The individual photographs were taken by our friend Rachel Leibowitz in a basement classroom of the Music Building at the University of Illinois at Urbana-Champaign. Despite appearances, they were all taken in the same season, on a snow-covered winter day. Pictured, left to right, is bassist Riley Broach, Ryan Jerving (the Viper), Burch, and trombonist Rob Henn. Riley and Ed provided their own costumes, but I’ll have you know that the top half of Rob’s costume came from my wardrobe and is STILL basically the outfit I’ll wear the first day of class in Fall semesters.
HOMEGROWN COFFEE HOUSE, ACCOKEEK, MARYLAND. February 3, 2003. My first real show in quite a long time, and with two full sets clocking in at a whopping two hours of wall-to-wall Viper. You can see the full set list here.
The show was most notable for the rocking-the-mic debut of my daughter, Irene, now just a few weeks over three years old, who handled herself with remarkable aplomb and a stage presence well beyond her years as she shouted out the “Interjections!” in the Lynn Ahrens song of that name.
The covers I played all dated from 1968-1974 and included songs by Norman Greenbaum, Harry Nilsson, Melanie Safka, Badfinger, Tom Lehrer, a number of Joe Raposo’s songs for The Electric Company, and one song from each of Tiny Tim’s first three records. Aside from the songs having in common a historical overlap with my first six, formative years on this mortal coil, they all share a post-Beatles rock aesthetic played against the use of pre-rock – and even pre-swing – pop song forms and arrangements (or is it vice versa?) joined to a Gertrude-Steinian interest in imploding language, melody, and harmony at their simplest, morphemic level. Well, you knew that.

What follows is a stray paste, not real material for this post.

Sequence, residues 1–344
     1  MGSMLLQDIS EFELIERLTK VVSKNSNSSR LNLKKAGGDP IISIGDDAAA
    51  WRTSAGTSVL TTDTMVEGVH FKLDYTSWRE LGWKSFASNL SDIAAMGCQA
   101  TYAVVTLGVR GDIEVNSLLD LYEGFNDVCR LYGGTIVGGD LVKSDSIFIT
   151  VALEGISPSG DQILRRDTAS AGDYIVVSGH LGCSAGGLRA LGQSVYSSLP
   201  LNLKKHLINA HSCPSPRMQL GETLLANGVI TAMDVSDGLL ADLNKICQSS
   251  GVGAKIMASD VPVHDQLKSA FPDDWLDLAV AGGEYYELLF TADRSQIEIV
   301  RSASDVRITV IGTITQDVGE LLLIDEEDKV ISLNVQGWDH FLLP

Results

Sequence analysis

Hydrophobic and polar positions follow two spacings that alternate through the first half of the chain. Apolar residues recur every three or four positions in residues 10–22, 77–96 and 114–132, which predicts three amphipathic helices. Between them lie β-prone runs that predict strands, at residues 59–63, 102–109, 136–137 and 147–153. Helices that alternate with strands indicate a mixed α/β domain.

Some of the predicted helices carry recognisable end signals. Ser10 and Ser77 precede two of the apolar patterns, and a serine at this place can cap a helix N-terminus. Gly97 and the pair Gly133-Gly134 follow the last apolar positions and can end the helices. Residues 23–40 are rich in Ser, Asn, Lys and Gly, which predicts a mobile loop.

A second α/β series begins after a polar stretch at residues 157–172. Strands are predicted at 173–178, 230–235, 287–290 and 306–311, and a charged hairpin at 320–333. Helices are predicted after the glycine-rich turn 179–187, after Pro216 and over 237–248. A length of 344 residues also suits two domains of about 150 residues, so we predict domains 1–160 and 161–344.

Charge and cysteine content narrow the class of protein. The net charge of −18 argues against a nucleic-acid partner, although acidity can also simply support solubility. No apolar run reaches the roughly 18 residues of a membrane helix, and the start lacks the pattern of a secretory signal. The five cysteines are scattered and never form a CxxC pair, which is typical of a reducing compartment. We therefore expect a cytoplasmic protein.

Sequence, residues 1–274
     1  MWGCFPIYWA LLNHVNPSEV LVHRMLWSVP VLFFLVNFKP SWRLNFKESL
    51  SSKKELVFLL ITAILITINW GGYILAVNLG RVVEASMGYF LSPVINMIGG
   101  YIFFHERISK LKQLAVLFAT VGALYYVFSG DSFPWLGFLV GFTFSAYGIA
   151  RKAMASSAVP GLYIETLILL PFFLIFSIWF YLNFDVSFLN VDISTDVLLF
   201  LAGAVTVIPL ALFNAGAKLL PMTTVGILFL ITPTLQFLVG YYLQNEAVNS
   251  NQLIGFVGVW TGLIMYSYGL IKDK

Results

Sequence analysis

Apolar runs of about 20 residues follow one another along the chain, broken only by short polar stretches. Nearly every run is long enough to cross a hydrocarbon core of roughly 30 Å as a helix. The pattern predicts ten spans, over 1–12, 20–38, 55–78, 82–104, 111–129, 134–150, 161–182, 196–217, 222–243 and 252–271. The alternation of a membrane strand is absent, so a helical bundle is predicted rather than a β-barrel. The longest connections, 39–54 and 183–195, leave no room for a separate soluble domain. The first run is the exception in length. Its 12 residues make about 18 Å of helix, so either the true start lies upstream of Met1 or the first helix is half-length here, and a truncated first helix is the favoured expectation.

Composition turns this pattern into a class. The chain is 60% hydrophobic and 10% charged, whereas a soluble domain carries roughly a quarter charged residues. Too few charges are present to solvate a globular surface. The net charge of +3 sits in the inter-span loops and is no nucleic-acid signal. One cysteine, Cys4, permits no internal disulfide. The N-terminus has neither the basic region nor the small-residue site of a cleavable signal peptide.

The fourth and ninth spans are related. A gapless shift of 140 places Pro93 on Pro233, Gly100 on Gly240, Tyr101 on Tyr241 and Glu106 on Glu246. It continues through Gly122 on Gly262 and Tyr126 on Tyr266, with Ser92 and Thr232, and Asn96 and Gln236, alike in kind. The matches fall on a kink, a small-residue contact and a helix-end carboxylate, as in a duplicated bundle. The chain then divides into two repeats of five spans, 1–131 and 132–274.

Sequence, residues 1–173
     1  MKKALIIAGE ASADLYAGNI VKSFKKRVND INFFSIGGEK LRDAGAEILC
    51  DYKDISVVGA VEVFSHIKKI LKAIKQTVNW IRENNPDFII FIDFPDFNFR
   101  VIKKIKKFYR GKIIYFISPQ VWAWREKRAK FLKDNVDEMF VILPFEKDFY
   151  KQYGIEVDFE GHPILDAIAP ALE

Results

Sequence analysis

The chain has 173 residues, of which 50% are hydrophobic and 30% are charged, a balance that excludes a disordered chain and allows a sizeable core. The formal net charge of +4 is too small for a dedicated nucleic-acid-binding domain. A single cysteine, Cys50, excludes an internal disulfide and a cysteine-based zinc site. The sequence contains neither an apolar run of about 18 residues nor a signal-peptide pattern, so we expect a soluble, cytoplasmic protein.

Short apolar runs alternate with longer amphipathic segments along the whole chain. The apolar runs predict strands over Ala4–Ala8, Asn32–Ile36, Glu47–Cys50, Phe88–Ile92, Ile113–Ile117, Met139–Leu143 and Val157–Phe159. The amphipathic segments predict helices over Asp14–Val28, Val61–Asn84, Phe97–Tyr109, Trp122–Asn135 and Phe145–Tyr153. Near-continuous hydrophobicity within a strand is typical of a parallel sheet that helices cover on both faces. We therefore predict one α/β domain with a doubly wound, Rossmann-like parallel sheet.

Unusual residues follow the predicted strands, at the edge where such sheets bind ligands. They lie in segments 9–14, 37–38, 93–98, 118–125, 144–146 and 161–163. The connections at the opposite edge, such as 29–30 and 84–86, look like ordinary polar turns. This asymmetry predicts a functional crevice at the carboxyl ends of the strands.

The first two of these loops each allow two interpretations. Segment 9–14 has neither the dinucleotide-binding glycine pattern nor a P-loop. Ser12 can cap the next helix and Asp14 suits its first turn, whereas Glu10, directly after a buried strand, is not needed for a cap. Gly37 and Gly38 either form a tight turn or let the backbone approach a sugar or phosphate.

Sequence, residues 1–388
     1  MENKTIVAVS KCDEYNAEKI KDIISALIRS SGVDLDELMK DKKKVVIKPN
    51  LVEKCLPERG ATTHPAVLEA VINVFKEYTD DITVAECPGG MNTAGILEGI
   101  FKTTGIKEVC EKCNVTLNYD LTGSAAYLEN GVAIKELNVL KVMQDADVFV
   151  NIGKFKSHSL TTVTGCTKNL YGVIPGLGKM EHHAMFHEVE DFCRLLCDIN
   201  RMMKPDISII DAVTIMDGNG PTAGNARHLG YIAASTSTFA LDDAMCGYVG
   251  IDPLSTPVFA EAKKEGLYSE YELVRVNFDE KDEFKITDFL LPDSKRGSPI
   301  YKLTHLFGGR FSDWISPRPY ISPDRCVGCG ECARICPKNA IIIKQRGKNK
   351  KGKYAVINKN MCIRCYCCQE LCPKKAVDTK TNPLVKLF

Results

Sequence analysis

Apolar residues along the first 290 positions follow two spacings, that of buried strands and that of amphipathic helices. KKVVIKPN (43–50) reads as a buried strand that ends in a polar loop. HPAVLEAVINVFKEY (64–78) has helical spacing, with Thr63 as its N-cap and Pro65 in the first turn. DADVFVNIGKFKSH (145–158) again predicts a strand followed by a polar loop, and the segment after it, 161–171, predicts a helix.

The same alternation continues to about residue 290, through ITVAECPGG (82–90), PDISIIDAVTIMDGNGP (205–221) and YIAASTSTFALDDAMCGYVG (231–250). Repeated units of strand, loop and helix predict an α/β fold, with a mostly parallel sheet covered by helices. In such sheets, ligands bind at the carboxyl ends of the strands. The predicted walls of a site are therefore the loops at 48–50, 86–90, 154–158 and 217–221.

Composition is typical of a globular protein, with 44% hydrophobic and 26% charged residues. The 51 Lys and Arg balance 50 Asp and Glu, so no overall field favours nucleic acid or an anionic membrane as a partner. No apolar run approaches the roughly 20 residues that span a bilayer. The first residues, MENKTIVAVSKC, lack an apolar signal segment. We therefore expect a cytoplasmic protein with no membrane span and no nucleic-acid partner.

This show also featured a number of newly-completed songs from The Viper’s work-in-progress House Un-American Activies Committee musical, Are You Now, or Have You Ever Been…Blue?, including the eponymous love-that-dare-not-speak-its-name duet intended for Roy Cohn and Langston Hughes; a new barbershop ballad titled “Sing a Song of Texas” to be sung by first HUAC chair Martin Dies; the Sterling Hayden showcase, “My Seafaring Lassie”; and at least one song yet to be placed, the embarassingly folk revivally “Time of the Leaving.” Oh, and my own Schoolhouse Rock-type bid at mnemonic education, the song that promises to teach you the names of the Hollywood 10, “And Sometimes Dmytryk.”